A former London investment banker on a Ghanaian pineapple farm seems like a fish out of water. But for Jerry Parkes, leaving his finance career was part of a plan to return home and expand agriculture in Africa. Parkes co-founded Injaro, a private equity fund that invests in agricultural businesses in West Africa such as Gold Coast Fruits, this pineapple farm about 30 miles north of Accra.
Injaro’s goal is to boost agriculture in Africa, an overlooked and underfunded industry that is critical for the continent’s future.
Parkes, together with Ivorian Chief Operating Officer Dadié Tayoraud, started Injaro in 2009, a few years after they graduated from the University of Pennsylvania’s Wharton business school. Parkes recalls Tayoraud introducing himself at their first meeting at Wharton’s African students’ club.
He remembers Tayoraud’s energy, enthusiasm and humor. “He wanted to start a movement where all African students move back to Africa after the MBA,” Parkes says. “For most of the rest of us, it was about succeeding, making it big in London or New York. After we succeeded, then we’d move back to Africa as a senior executive.”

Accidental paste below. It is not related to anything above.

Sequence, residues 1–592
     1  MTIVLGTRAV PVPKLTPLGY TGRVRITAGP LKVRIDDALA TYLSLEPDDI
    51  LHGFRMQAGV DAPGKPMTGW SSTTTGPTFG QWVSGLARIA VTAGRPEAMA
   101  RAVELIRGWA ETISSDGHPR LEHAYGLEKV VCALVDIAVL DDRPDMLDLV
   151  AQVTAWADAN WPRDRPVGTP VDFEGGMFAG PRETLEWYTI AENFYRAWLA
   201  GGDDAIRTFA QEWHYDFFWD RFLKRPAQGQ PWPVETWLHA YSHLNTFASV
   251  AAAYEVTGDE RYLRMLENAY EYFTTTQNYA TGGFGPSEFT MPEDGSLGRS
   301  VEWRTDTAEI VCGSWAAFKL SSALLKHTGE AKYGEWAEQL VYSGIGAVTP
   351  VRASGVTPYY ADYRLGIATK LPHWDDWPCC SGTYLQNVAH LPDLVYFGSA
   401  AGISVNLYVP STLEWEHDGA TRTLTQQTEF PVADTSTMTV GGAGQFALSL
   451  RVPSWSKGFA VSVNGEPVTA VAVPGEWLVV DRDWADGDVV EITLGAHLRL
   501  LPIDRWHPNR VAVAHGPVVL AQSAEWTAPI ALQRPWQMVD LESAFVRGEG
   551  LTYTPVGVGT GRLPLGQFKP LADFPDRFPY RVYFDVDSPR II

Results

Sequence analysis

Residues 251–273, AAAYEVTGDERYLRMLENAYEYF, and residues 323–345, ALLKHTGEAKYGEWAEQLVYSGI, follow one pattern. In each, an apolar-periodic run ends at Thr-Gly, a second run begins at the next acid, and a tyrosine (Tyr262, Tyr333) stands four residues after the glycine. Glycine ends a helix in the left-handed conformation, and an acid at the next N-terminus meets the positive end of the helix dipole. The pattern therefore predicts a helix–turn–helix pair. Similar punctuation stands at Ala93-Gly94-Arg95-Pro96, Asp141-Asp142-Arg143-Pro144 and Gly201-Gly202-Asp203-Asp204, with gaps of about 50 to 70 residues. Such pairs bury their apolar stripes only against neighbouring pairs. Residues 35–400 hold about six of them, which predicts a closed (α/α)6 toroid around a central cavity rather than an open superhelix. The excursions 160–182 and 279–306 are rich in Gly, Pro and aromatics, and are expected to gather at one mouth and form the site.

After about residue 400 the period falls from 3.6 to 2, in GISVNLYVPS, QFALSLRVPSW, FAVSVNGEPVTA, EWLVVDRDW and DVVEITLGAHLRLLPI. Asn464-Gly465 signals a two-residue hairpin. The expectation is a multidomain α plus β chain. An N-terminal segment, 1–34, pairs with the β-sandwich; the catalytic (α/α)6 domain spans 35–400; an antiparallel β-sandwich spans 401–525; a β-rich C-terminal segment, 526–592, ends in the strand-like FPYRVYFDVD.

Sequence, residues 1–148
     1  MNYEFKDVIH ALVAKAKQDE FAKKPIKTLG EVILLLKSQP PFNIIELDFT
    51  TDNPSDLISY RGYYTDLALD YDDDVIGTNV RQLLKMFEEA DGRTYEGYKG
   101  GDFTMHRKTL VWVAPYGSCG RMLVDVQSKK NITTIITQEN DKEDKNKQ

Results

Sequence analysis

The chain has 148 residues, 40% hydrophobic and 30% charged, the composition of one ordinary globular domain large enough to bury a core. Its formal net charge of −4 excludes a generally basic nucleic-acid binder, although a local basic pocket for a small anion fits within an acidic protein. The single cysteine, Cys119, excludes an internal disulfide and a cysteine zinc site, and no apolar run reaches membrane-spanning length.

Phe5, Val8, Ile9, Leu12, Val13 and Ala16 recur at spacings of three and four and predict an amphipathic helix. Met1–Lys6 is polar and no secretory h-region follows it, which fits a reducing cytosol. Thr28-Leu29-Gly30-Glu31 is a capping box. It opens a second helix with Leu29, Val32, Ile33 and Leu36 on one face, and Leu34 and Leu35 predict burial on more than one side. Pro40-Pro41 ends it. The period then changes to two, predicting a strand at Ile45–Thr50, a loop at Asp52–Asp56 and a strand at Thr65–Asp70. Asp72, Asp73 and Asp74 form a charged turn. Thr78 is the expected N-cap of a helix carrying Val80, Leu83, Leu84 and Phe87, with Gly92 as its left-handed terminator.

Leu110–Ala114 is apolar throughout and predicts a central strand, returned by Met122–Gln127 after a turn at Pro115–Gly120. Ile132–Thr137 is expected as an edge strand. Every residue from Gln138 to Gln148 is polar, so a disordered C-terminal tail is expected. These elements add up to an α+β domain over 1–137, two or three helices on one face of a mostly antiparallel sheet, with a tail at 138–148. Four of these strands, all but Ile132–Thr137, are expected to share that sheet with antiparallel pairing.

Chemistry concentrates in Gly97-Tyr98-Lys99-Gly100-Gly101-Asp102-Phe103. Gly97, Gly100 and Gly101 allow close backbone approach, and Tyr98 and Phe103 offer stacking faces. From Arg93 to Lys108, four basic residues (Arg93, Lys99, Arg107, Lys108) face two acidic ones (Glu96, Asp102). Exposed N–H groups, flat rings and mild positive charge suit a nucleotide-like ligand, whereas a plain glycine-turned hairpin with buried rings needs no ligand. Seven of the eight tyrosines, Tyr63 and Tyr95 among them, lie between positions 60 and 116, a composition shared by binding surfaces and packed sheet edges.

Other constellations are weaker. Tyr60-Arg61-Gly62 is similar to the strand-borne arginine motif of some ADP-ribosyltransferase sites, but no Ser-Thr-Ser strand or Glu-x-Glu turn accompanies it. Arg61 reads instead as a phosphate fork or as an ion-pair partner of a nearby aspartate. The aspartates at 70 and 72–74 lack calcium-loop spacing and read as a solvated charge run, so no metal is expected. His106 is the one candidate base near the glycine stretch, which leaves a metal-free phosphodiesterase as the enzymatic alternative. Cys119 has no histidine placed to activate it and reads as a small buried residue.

After graduating from Wharton in 2006, Parkes, an electrical engineer by training, worked for UBS bank in London and as a fund manager investing in UK. companies. Tayoraud worked in business development in Ivory Coast for Voodoo, a telecommunications company.
Parkes returned to Ghana with his wife and young children in 2009 to launch Injaro, in spite of “all the pressures to stay in the West where you can make a lot of money and not have to struggle,” he says.
He didn’t immediately announce his plans to his mother. Instead, he arrived back in Ghana for the winter — and kept extending his stay while he started Injaro. “She’s a typical African mother who would think if you have a good job in London, there’s no reason to walk away and start something uncertain,” Parkes explains. “There would have been a lot of conversations second-guessing what I was doing.”
Ultimately, Parkes and Tayoraud wanted to grow businesses that would have a positive impact for as many people as possible. For them, the obvious choice was agriculture, which provides about 60 percent of all jobs in Africa.